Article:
NEW YORK—Columbia University will launch a grantmaking and accelerator program to develop, commercialize, and scale tools and technologies focused on lowering emissions by turning carbon into useful products.

Announced at the COP26 climate talks in Glasgow, Columbia University was awarded $10 million in seed funding under New York State’s Carbontech Development Initiative. This program will allow researchers and entrepreneurs working on carbon capture, utilization, and storage-related technologies to expand on their work and establish New York as a center for carbontech innovation. 

“The dangers posed by climate change become more apparent and urgent with each passing day,” said Columbia University President Lee C. Bollinger. “Solving a crisis of this magnitude demands the kind of expertise and commitment to interdisciplinary collaboration that Columbia excels at. This award will help researchers and entrepreneurs at this University and across New York develop and scale critically important carbon technologies.”

As part of the Carbontech Development Initiative, administered through the New York State Energy Research and Development Authority (NYSERDA), $9.1 million was also awarded to the nonprofit Activate to establish a fellowship program for New York-based entrepreneurs. Activate’s fellowship program will work with the new Columbia Startup Fellows Program, where Columbia will provide lab space and specialized equipment to Activate fellows in New York.

NYSERDA President and CEO Doreen M. Harris said, “We are proud to support Columbia University on carbontech research and know that its leadership, working with Activate’s fellowship program, brings world-class facilities and knowledge to advance the cutting-edge technologies needed to scale and commercialize products made from carbon. These initiatives will help New York State achieve deep decarbonization in our fight against climate change and build more sustainable, resilient communities.”

With an engineering school, a new climate school, and offices dedicated to aiding researchers and entrepreneurs in getting their ideas off the ground, Columbia has already established itself as a leader in the movement to decarbonize the global economy.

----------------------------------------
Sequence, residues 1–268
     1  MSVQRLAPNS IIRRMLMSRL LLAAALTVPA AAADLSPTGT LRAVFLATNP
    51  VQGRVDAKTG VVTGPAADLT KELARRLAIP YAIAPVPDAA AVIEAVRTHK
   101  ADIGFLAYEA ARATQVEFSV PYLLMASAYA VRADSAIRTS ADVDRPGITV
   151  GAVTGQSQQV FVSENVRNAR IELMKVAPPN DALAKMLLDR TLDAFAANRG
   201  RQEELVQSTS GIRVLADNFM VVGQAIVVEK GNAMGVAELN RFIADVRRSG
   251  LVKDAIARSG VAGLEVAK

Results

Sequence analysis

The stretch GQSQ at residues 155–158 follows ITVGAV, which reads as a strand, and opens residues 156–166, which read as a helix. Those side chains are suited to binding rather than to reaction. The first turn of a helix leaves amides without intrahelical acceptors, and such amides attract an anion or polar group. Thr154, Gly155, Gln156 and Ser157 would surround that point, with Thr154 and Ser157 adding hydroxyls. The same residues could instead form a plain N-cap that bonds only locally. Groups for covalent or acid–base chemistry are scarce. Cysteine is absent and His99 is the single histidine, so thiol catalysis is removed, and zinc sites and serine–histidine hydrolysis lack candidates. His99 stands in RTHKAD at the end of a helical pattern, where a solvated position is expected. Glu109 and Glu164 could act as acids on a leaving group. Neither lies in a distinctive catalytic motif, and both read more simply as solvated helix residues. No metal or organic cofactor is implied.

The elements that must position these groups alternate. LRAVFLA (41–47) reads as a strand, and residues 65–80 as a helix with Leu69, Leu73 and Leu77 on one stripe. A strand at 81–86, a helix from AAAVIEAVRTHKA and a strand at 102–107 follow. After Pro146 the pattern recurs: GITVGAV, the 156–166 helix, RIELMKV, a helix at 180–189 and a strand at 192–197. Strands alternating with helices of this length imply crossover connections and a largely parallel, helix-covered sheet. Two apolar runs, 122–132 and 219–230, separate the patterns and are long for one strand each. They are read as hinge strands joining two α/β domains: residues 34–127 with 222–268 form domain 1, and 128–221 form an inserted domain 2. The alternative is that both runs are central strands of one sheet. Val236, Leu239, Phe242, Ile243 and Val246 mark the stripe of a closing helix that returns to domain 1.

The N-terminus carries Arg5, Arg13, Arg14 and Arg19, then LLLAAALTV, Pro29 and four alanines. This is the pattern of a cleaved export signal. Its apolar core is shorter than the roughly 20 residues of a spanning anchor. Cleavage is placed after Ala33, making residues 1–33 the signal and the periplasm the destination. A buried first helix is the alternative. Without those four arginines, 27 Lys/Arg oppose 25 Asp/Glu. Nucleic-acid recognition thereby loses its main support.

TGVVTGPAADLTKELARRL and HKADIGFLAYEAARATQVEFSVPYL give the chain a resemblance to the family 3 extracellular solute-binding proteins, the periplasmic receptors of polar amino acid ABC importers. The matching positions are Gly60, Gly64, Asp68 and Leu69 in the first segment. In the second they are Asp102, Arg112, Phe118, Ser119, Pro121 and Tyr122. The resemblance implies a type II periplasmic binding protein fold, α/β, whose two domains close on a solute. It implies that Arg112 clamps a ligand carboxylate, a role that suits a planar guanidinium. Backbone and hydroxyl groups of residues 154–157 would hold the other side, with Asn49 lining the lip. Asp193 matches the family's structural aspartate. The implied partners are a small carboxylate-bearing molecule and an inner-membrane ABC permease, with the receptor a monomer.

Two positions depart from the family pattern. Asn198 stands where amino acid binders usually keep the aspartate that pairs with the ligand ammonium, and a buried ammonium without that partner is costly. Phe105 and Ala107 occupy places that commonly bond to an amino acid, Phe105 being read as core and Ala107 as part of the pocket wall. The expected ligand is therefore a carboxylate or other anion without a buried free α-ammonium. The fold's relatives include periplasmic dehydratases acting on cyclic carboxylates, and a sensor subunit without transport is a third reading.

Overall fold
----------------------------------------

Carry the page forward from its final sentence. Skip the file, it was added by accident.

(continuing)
“Columbia has already shown how serious it is about trying to solve the climate crisis," said Jason Bordoff, co-founding dean of the Columbia Climate School and founding director of Columbia’s Center on Global Energy Policy. "We're excited to work with NYSERDA and Activate to demonstrate how much more can be accomplished. We’re confident that this initiative will spark further innovation in New York and beyond.” 

A number of promising green startups have sprung out of Columbia in recent years. One, GreenOre CleanTech, uses carbon dioxide as a reagent to convert industrial waste into valuable minerals. A second, Heirloom, captures carbon dioxide from the air and injects it underground for long-term storage. Other startups, including AdvanceH20 and Trident Desalination, offer more efficient ways to treat sewage and generate clean water, respectively, while lowering carbon emissions in the process. Still others, like sHYp and Werewool, are developing fossil-fuel alternatives for the energy and apparel sectors.

Columbia’s research efforts, a portion of the total funding for the Carbontech Development Initiative, will focus on three key areas: capturing carbon from the air, oceans, and industrial plants to lower ambient levels of carbon dioxide and combat ocean acidification; converting carbon into minerals and other marketable materials; and repurposing those materials in construction and other industries. 

The program will also focus on the commercialization process, with an emphasis on analyzing markets and policies so that carbontech entrepreneurs across New York can position their companies for success. “We will make sure that there’s a compelling market need for the technologies that we’re developing, and entrepreneurs get connected with investors and others to bring their ideas to market and ensure that they will be profitable,” said Jim Aloise, assistant vice president at Columbia Technology Ventures and the tech to market director for the initiative.

“This project brings together highly interdisciplinary teams led by the Lenfest Center for Sustainable Energy to develop a new circular carbon economy,” said Lenfest Director Alissa Park, a professor at Columbia Engineering and co-founder of GreenOre CleanTech. “Through scientific and technological breakthroughs, we will lead global efforts to decarbonize the economy, while advancing an understanding of how to manage carbon throughout our engineered and natural systems.”